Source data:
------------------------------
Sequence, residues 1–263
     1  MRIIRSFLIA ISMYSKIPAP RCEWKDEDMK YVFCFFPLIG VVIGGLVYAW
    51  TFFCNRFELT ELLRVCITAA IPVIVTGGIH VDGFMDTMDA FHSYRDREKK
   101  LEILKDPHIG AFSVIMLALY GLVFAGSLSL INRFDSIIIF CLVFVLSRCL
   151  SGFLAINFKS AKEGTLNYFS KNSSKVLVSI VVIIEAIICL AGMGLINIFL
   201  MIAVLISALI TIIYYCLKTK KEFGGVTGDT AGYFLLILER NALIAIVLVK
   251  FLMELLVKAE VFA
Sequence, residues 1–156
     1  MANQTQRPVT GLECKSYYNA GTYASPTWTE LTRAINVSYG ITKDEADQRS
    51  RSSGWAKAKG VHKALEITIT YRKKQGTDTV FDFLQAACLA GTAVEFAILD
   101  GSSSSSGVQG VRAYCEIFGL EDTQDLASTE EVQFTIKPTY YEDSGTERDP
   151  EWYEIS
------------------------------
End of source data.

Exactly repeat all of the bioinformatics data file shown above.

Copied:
Sequence, residues 1–263
     1  MRIIRSFLIA ISMYSKIPAP RCEWKDEDMK YVFCFFPLIG VVIGGLVYAW
    51  TFFCNRFELT ELLRVCITAA IPVIVTGGIH VDGFMDTMDA FHSYRDREKK
   101  LEILKDPHIG AFSVIMLALY GLVFAGSLSL INRFDSIIIF CLVFVLSRCL
   151  SGFLAINFKS AKEGTLNYFS KNSSKVLVSI VVIIEAIICL AGMGLINIFL
   201  MIAVLISALI TIIYYCLKTK KEFGGVTGDT AGYFLLILER NALIAIVLVK
   251  FLMELLVKAE VFA
Sequence, residues 1–156
     1  MANQTQRPVT GLECKSYYNA GTYASPTWTE LTRAINVSYG ITKDEADQRS
    51  RSSGWAKAKG VHKALEITIT YRKKQGTDTV FDFLQAACLA GTAVEFAILD
   101  GSSSSSGVQG VRAYCEIFGL EDTQDLASTE EVQFTIKPTY YEDSGTERDP
   151  EWYEIS